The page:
“In terms of yields breaking higher, the third time wasn’t the charm. The 4th time looks more likely. But we could potentially see a 1.55% print on 5y treasuries before then.”

As it happens, 5y yields touched a low of 1.548% on Monday before turning higher. It appears the fixed income short squeeze is over, and with the potential upturn in growth, (the Philly Fed has a history of being an early indicator, and the Citi US Economic Surprise Index has made its first higher high since Jan) conditions are supportive of higher yields. At the risk of jinxing myself, (gulp) we may finally get a substantive break of the 1.75% level that has been resistance since Sept:

On the other hand, 30y yields continue to print lower highs and lows. As a result 5s30s have broken to new lows. A notable quote on the 30y from Patrick Perret-Green @ ANZ: “Many have said that a 30y UST at 3.5% is expensive but 30y BTPs are now just above 4%.”

I’ll close with a few interesting links for your weekend reading:

1. FT Alphaville highlighted a very interesting speech by Larry Summers. You should read it in its entirety, but here is an interesting paragraph that stood out to me:
I think, that is, it is my best judgment about where the industrial world as a whole is, that absent structural changes in our economy it will be very difficult for monetary polices to simultaneously achieve full employment and maintain financial stability. It seems to me that that is supported by the last time that the US was anywhere near full employment. The period from 2003-2007, when we were manifestly not pursuing sustainable financial policies. And the profound difficulty monetary policy has had in Japan in generating levels of output that are consistent with full employment.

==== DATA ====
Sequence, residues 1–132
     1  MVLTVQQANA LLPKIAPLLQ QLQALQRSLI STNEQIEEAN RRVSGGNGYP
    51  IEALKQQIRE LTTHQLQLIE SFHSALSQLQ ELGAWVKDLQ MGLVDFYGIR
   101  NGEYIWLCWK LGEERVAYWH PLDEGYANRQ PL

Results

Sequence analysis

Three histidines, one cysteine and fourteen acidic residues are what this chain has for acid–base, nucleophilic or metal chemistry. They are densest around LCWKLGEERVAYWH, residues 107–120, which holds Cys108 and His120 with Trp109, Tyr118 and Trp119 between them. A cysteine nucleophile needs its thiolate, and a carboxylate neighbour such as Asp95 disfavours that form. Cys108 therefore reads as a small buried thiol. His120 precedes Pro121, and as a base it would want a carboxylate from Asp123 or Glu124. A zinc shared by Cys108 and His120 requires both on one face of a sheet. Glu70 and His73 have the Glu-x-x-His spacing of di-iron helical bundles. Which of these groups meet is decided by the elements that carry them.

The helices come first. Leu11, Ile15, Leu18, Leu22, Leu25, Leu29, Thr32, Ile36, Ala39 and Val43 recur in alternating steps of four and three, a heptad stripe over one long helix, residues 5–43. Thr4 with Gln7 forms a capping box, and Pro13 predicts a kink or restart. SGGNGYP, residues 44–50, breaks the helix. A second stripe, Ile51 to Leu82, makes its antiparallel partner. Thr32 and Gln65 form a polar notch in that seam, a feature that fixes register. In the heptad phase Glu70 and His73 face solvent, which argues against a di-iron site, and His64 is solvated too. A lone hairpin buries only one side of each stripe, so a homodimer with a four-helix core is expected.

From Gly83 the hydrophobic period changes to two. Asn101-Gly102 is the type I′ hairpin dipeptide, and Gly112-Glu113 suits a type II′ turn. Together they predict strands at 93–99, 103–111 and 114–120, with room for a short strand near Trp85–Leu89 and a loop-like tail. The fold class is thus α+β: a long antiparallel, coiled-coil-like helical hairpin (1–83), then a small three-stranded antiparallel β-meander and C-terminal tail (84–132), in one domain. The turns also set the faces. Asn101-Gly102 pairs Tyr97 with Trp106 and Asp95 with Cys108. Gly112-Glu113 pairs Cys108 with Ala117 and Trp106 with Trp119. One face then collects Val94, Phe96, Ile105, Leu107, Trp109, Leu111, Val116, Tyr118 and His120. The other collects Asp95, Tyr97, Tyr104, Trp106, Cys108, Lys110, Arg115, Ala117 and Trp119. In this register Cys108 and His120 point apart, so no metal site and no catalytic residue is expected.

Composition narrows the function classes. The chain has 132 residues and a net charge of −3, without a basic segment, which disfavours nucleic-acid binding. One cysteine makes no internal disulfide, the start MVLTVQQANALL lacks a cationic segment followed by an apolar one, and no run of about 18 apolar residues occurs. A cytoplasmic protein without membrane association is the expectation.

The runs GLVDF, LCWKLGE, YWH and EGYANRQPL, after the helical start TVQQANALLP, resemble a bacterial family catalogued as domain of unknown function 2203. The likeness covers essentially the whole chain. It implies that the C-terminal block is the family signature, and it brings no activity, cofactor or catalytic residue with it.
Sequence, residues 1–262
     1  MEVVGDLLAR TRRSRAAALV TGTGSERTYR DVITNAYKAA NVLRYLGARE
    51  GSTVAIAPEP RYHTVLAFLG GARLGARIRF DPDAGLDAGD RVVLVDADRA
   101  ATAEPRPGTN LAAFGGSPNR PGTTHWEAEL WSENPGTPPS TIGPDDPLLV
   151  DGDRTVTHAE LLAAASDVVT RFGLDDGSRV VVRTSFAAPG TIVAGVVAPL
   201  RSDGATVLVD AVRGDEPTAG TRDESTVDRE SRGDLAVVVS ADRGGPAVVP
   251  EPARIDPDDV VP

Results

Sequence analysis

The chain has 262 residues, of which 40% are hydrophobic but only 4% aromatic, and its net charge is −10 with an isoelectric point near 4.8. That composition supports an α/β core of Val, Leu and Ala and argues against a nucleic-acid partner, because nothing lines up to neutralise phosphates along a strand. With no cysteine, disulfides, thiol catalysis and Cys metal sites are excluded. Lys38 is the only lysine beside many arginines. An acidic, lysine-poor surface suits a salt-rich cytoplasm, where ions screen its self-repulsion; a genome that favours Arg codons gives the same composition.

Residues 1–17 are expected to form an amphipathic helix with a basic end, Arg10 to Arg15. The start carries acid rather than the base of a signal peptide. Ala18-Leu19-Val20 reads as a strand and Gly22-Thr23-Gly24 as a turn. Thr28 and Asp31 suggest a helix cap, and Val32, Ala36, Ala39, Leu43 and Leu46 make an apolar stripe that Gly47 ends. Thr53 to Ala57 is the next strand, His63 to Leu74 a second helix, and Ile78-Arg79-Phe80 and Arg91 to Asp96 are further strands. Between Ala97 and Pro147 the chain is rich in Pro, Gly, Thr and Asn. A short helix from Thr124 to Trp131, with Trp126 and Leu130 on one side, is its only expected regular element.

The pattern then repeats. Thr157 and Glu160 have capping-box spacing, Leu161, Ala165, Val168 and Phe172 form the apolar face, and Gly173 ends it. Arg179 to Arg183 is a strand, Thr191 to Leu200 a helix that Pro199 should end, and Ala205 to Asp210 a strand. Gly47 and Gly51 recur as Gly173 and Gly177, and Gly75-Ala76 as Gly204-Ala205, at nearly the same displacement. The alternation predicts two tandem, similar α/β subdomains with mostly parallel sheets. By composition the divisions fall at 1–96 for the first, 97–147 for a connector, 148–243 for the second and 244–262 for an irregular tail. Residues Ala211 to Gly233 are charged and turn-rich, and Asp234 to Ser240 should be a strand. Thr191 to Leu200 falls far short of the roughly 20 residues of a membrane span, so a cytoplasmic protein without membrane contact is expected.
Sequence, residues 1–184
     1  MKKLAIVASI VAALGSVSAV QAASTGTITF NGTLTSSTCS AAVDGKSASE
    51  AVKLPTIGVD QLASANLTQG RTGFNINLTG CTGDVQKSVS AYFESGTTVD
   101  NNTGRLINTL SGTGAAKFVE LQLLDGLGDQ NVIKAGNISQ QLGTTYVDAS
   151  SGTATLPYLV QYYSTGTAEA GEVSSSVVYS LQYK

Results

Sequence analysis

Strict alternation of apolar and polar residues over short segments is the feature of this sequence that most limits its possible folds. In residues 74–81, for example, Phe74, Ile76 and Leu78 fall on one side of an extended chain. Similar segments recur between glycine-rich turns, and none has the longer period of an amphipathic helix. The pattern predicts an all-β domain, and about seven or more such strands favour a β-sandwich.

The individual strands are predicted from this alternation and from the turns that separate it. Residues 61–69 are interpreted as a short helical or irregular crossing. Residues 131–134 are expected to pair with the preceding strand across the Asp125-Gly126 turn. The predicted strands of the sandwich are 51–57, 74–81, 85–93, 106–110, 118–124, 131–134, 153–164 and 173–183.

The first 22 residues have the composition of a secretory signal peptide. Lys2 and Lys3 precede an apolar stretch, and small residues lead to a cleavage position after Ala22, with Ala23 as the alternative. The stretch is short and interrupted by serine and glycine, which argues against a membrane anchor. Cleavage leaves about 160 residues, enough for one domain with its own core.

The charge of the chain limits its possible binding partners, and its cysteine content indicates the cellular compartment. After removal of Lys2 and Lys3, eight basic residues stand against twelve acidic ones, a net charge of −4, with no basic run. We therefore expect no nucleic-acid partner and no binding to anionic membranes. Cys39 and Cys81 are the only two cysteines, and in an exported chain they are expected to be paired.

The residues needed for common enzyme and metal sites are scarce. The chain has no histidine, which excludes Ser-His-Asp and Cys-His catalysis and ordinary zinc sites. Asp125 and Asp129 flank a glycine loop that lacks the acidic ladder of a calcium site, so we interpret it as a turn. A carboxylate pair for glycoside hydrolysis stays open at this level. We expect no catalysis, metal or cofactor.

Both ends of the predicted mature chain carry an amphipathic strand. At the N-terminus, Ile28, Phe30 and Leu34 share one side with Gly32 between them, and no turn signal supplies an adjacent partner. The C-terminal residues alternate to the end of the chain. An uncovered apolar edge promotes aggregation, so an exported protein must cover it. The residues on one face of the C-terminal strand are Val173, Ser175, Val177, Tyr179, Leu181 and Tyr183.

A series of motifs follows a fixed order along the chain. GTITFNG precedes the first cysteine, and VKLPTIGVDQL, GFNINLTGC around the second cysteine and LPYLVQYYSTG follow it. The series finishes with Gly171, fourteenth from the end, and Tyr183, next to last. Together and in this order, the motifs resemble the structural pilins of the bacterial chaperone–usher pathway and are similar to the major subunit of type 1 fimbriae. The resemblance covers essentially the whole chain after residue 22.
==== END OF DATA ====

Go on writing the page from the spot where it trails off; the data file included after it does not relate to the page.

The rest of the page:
2. Google has developed an algo that can solve CAPATCHAs. Essentially, this means that computers can now read signs and recognize images. This is big. The reason why CAPTCHAs were created was because it was difficult for algorithms to decipher them – hence their use in setup processes for new accounts at many websites. This is likely to mean that driving robots & flying drones will be much better able to identify visual information without human intervention. In other words, another barrier between humans and machines has fallen:

3. An illustration of how the FISC system circumvents checks and balances in our political system:

4. The safest speeds to drive is +5 to -10 mph relative to the median speed of other cars. A follow up study found that “crashes involving turning vehicles accounted for 44 percent of all crashes observed in the study and that excluding these crashes from the analysis greatly attenuated the factors that created the U-shape of the Solomon curve”

5. 538 put out a piece that maybe should’ve been obvious to me but I found interesting. They found a clear correlation between the length of unemployment with the level of national unemployment at the time of job loss. To me, the take away is that one of the most important aspects of a stable career path is keeping your job during recessions!


  • Jobless Claims was stable at 304k vs 315k exp and 300k prev.
  • Philly Fed improved to 16.6 vs 10 exp and 9.0
  • Canada Core CPI improved to 1.3% as exp vs 1.2% prev

Upcoming Data:

  • Fri: Good Friday,
  • Mon: Europe Holiday,
  • Tue: US Existing Home Sales, EU Consumer Confidence, Australia CPI, China HSBC Mfg
  • Wed: EU PMI, BoE Minutes, Canada Retail Sales, UK Markit PMI, New Home Sales